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Le Orme – Florian (1979)

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Le Orme – Florian (1979)

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01. Florian - 6:47				play
02. Jaffa - 3:06
03. Il mago - 3:05
04. Pietro il pescatore - 3:24
05. Calipso - 3:46
06. Fine di un viaggio - 4:49
07. El gran senser - 7:01

- Antonio (Tony) Pagliuca – piano, harpsichord, harmonium
- Aldo Tagliapietra – lead vocals, cello, classical guitar
- Michi Dei Rossi – vibraphone, percussion, glockenspiel, marimba
- Germano Serafin - violin, acoustic guitar, bouzouki, mandolin

All titles written by Aldo Tagliapietra and Antonio Pagliuca.


By 1979, the progressive rock movement was pretty much dead and the bands that were still hanging on had gone through severe and often ill-fated transformations, alienating their fan base without managing to reach wider audiences. Le Orme didn't go down that road. Instead, after releasing two albums in 1977, the band took a breather in 1978 and came back in 1979 with an all-acoustic record, Florian. Granted, it is a weaker effort, and most listeners will find it lacks ambition and grandeur. And yet, what a splendid endeavor for a band that was once known as an organ-led powerhouse trio. Picking up on the increased presence of acoustic guitars (and increased importance of the Italian songwriting tradition) on 1977's Storia o Leggenda, Florian offers a blend of neo-classical compositions and pastoral songs. All four members of the band go out of their way to expand their palette of acoustic instruments: singer/bassist Aldo Tagliapietra plays some cello; keyboardist Antonio Pagliuca adds harpsichord and harmonium to his grand piano; drummer Michi Dei Rossi spends a lot of time on mallet percussion; finally, guitarist Germano Serafin (who joined the band for Verità Nascoste in early 1977) whips out a violin, in addition to playing bouzouki and lots of mandolin. As a result, the opening of "Florian" sounds almost like a string quartet -- it is by far the most neo-classical-sounding piece on this short album. "Il Mago" and "Fine di un Viaggio" are two gorgeous songs that would have fitted in with the material on Storia o Leggenda, and Tagliapietra delivers sensible vocal performances. "El Gran Senser," the closing track, steps outside the box for a freer piece with improvisation and experimental sonorities from the harpsichord and violin. Low-key and understated, Florian makes a strong case toward proving that Le Orme were always willing to reinvent their approach. And Pagliuca and Tagliapietra had the composing chops to pull off such a bold project. The album is beautiful, both in terms of writing and execution. And though it is not what you would expect from Le Orme, it unmistakably sounds like late-‘70s Le Orme -- much more so than Smogmagica, for instance. --- François Couture, allmusic.com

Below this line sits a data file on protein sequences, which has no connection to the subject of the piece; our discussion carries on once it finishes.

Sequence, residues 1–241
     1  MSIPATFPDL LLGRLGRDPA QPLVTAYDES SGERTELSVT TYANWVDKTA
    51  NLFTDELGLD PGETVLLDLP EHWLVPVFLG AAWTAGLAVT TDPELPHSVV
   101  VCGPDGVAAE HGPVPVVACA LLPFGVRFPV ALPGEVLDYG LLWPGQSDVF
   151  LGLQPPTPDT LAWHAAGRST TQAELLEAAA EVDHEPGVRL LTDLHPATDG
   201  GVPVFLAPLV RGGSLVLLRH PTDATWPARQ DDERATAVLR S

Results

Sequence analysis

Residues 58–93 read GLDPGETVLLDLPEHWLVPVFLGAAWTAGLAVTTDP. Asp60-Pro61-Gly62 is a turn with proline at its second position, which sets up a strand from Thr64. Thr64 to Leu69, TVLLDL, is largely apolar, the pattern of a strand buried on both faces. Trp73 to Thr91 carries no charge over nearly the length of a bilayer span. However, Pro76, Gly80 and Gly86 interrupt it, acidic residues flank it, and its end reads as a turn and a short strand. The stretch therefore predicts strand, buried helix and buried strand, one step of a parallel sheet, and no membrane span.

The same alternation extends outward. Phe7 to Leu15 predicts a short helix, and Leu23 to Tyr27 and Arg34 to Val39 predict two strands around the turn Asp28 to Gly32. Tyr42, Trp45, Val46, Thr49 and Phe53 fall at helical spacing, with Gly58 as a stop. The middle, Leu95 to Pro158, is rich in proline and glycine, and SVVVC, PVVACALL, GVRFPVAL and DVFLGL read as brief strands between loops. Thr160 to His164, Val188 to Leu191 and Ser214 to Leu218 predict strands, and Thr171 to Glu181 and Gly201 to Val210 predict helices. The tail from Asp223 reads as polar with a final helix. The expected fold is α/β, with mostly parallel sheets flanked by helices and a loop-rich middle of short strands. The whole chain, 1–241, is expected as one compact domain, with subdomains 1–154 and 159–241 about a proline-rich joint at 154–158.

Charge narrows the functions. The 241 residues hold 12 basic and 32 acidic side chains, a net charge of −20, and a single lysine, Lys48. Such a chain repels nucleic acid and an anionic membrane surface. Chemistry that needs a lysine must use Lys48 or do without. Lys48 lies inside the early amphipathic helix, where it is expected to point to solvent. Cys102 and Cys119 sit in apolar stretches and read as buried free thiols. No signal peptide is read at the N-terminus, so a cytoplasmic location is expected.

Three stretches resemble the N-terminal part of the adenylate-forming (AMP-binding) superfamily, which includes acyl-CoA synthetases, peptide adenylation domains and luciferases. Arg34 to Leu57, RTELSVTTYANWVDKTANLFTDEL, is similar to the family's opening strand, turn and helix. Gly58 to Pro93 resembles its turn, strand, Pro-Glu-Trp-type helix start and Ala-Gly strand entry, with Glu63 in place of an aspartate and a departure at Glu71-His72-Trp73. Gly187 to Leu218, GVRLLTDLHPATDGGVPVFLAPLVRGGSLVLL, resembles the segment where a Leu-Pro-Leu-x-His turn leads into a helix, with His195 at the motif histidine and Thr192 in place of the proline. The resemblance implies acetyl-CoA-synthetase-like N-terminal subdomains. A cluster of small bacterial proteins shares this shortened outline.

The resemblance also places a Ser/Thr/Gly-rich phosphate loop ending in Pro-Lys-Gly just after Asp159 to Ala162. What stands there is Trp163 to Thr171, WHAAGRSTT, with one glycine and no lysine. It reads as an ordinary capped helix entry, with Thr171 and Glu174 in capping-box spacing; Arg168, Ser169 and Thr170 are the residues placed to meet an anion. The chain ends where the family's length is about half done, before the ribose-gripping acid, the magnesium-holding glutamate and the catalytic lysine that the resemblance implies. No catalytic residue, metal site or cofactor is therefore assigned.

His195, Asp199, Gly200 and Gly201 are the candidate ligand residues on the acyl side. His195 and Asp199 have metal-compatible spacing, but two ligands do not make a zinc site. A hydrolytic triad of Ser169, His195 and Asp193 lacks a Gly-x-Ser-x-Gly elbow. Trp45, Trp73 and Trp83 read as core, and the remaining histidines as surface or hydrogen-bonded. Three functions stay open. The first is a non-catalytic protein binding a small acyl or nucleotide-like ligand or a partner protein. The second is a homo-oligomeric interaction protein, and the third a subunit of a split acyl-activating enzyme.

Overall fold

Florian could seems a Le Orme’s unplugged album, but it represents all the efforts of the band toward new musical directions. Florian is the famous and ancient coffee-bar in St. Mark Square, Venice. For those who came there (nearby my home), as tourists, it’ll easy to remember, in that unique square and in front of the Basilica and the Bell Tower (fallen down in 1900, then rapidly re-built), an ancient coffee-bar with always classical music played live by a trio or quartet band. So did Le Orme with their 1979 album. It’s a homage to that ancient tradition of their town: cello, classic guitar, piano, harpsichord, armonium, vibraphone, marimba, glockenspiel, violin, buzuki, acoustic guitar, mandola and percussions are the ingredients for a more relaxed and intimistic release from one of the most important Italian bands. And so we can hear to such a delicate and delightful soft classical music rich of poetry because of the good lyrics inspired part by New Testament (Peter The Fisherman) part by myth (Calipso and Il Mago with references with Homerus’ Odissey). Le Orme’s trade mark is definitively gone. Prog was then in great decline…which was the better way to make music for the mind? Le Orme answered with this interesting piece of art.

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Last Updated (Thursday, 29 October 2015 20:08)


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